Raffle ticket sales help save historic Victorian archway at National Trust site
PUBLISHED: 12:00 25 October 2018
A stone archway at a grade-I listed building has been restored thanks to National Trust funding.
Tyntesfield house, in Wraxall, has had its Victorian parkland boundary wall upgraded thanks to £2,981 raised from the trust’s annual raffle.
The house was built for the Gibbs family in the 1860s, and has been in the care of the National Trust since 2002.
The restoration of the archway follows on from the successful repair of a 450m stretch of the historic boundary wall in April as part of a conservation project which cost around £250,000.
Using the same historic techniques which would have been used to build the mile-and-a-half-long wall in the late 1880s, including an authentic lime mortar mix, the team rebuilt the archway over a custom-built frame.
Once the lime mortar was dry, the frame could be removed and the wall on the other side of the arch rebuilt.
Paula James, visitor experience manager at Tyntesfield, said: “It’s truly wonderful to see the tangible results the raffle can produce and we’d like to thank all of the visitors who took part and supported this work.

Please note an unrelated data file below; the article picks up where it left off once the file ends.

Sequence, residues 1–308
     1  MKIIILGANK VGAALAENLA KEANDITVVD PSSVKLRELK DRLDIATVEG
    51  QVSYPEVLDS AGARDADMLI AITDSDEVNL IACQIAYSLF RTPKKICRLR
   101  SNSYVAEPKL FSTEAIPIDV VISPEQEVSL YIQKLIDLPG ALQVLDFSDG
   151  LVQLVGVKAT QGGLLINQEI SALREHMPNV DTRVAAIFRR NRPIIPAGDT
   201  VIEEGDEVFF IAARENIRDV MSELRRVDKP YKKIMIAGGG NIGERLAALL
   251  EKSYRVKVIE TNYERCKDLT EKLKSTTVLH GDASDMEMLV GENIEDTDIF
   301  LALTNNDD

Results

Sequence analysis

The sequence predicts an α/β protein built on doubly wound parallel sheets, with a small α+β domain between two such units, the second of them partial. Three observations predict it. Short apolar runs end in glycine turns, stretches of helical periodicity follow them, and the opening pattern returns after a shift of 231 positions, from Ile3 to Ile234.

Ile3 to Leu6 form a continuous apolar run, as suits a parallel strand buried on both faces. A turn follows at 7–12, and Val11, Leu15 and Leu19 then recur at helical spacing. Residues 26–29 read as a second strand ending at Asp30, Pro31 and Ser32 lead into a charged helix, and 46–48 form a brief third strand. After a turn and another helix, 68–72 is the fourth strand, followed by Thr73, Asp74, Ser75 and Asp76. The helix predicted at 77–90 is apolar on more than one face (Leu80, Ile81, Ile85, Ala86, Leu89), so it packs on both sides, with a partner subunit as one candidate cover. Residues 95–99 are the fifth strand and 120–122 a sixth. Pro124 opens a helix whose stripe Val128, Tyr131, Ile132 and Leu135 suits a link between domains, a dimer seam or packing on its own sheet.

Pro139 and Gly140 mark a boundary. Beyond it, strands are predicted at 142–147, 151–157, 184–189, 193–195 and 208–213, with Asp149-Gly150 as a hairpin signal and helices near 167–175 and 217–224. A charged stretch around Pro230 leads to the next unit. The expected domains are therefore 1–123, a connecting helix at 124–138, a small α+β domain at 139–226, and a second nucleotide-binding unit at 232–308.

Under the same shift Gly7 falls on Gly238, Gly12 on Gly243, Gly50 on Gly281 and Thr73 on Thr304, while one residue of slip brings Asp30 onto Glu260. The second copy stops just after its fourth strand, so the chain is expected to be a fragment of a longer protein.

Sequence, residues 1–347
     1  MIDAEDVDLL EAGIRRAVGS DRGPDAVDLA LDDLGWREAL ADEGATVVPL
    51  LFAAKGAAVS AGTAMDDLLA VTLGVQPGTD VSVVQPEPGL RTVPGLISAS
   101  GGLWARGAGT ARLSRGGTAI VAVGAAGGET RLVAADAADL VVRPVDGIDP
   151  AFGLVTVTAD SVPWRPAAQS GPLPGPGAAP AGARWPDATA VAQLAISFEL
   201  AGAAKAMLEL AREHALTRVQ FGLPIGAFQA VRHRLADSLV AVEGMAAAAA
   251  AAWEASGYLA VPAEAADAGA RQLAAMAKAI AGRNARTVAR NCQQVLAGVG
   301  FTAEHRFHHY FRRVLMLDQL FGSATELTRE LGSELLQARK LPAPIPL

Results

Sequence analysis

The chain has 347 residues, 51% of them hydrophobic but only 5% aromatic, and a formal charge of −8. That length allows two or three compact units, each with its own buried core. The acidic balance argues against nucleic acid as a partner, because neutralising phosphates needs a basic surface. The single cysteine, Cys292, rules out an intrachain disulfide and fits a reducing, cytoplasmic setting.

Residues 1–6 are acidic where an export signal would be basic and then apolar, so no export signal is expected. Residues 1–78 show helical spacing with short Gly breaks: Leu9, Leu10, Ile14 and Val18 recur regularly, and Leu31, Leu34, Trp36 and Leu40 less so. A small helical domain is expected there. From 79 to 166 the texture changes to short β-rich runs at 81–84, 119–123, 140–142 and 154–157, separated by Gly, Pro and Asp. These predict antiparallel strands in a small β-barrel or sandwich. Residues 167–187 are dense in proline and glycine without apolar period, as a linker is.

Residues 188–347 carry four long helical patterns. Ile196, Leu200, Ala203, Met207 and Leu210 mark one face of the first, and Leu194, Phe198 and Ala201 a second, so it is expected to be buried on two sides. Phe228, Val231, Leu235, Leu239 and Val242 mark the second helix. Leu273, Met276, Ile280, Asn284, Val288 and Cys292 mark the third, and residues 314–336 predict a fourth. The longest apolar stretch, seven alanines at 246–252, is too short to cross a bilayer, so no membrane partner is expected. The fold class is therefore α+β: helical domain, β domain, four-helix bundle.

“As a conservation charity we rely on fundraising to help us look after the historic sites in our care and stop significant structures like the wall crumbling away.”
Work was completed by a team of National Trust volunteers and qualified waller and instructor Simon Knops, of Bristol-based company Greenspace Walling.
During the repair work, the team also uncovered historic latches and part of a hinge buried in the ground by the archway.
The National Trust hopes to restore this second archway in 2019.
Darren Mait, lead ranger at Tyntesfield, said: “This summer was so hot we had trouble with the lime mortar drying too quickly, we had to cover the wall every night with hessian to keep it cool and plastic sheeting to keep in the moisture so the mortar didn’t dry too quickly.
“We can assume there was once a door in the arch as there’s an archway further down the wall which still has its door.
“We think the doors were added after the wall was built because the arches are higher than the walls on either side.
“It gives us an idea of how the Gibbs family would have used the estate.”